The PIFFERs are a tight knit brotherhood of soldiers, bound by a distinguished military history, a long tradition of soldiering and a strong foundation of regimental traditions. They are disciplined, hard fellows, full of natural military instincts. They are a special breed, purified in the inferno of objective realities, demanding courage, loyalty and steadfastness. During 59 years of Pakistan’s history, not a battle has been fought without PIFFERs. Frontier Force Regiments have invariably contributed to the success of every major undertaking: from Chamb-Jaurian to Hilli, from Dinajpur to Sulemanki, from Siachen to Rann of Kutch; Frontier Force Regiments have always been in the eye of the storm. From the turmoil in the wake of Partition to the floods and earthquakes in the most inhospitable terrain, Frontier Force Regiments have assisted the civil administration in an unflinching manner. In over one hundred and fifty years of its existence, the Frontier Force has kept pace with the changing times. It has developed to meet the requirements of the Army and the Nation, and to absorb various fundamental changes in the battlefield environment, encompassing induction of new weapons and equipment.
The significant conquests of the British in North-Western India, following the conquest of Sindh, were to include the Punjab, after taking on the Sikhs and finally the North-West Frontier of India facing Afghanistan the British part in the Great Game being played against the Russian Empire, that was rapidly expanding southwards through Central Asia. When the British in India set out to conquer Punjab under the Sikhs, and defeated the Khalsa Army at Sobraon in 1846, they faced two problems: firstly, they inherited the responsibility of governing and policing the newly won area and its prickly North-West frontier inhabited by Pathans, whom the British learned to treat with great respect. Secondly, they had to tackle a large number of Sikh and Muslim ex-soldiers, lawlessly roaming the land after the Khalsa Army was disbanded. The British killed two birds with one stone by raising a military force for the purpose, by recruiting those very ex-soldiers. This clever move brought into existence the nucleus of the force that has since then evolved into and thrives even today as the FRONTIER FORCE.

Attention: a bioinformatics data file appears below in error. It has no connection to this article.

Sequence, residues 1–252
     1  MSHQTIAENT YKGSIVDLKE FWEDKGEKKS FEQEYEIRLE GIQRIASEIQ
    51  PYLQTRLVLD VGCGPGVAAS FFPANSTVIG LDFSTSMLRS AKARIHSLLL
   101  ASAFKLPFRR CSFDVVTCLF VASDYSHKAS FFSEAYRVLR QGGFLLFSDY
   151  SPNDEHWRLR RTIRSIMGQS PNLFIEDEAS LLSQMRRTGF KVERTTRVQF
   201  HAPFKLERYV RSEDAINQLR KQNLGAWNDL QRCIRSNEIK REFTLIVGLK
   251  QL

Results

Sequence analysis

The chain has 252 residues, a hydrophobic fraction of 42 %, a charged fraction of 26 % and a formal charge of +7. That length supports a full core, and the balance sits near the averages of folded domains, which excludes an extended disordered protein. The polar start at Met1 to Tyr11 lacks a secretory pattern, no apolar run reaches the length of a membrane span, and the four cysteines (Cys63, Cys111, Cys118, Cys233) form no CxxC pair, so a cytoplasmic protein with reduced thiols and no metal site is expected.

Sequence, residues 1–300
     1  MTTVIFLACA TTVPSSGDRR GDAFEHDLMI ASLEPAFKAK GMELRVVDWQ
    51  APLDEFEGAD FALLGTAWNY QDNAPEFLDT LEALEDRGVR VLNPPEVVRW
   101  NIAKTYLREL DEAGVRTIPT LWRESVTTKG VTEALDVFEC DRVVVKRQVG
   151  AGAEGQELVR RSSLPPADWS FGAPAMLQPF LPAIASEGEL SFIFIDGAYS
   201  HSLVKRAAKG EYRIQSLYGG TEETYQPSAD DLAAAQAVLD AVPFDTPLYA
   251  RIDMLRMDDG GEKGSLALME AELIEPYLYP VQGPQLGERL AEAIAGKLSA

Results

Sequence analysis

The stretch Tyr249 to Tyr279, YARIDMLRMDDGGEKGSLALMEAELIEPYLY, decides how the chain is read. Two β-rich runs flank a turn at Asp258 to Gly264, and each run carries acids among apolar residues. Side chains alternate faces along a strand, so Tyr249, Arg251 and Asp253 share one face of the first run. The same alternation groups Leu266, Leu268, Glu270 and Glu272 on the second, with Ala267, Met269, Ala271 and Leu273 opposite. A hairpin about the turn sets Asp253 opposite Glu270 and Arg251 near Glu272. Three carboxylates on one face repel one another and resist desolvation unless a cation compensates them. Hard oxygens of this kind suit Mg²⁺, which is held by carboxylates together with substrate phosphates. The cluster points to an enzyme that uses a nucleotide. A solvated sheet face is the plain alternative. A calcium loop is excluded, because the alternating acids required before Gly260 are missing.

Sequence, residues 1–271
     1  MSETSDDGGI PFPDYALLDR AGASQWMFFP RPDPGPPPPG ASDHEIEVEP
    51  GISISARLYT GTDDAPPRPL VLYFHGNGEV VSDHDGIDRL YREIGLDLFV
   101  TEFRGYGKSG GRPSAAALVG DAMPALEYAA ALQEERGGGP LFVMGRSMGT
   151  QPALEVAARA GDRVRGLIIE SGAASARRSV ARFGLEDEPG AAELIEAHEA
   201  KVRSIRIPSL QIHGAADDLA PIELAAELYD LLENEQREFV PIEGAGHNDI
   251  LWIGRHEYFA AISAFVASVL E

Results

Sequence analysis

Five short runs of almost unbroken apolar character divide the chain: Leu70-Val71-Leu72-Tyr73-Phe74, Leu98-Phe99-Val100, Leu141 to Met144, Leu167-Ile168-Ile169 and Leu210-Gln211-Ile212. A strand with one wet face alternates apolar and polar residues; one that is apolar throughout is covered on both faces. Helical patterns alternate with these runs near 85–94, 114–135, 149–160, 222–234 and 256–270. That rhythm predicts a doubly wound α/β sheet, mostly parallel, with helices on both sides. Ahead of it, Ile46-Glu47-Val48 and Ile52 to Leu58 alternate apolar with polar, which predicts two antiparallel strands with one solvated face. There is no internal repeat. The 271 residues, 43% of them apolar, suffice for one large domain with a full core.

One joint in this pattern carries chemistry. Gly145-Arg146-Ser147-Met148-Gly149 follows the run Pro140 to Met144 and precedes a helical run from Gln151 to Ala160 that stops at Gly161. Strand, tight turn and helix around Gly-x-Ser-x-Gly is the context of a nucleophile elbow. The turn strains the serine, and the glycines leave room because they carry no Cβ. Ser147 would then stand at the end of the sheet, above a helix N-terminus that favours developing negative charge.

The Earliest Frontier Force Units
The first Frontier Force unit ever was the Scinde (Sindh) Camel Corps raised at Karachi in 1843 by Lieutenant Robert FitzGerald, on the orders of Sir Charles Napier after the British conquest of Sindh. Its purpose was to pacify the lawless tribes in interior Sindh. The next was the Corps of Guides raised by Lieutenant Harry Lumsden at Peshawar in 1846, to meet the requirement of guides and interpreters while operating among the tribes of the North-West Frontier. The birth of these two corps’ actually preceded the raising of the Frontier Force proper, which they subsequently joined.
Raising of the Frontier Force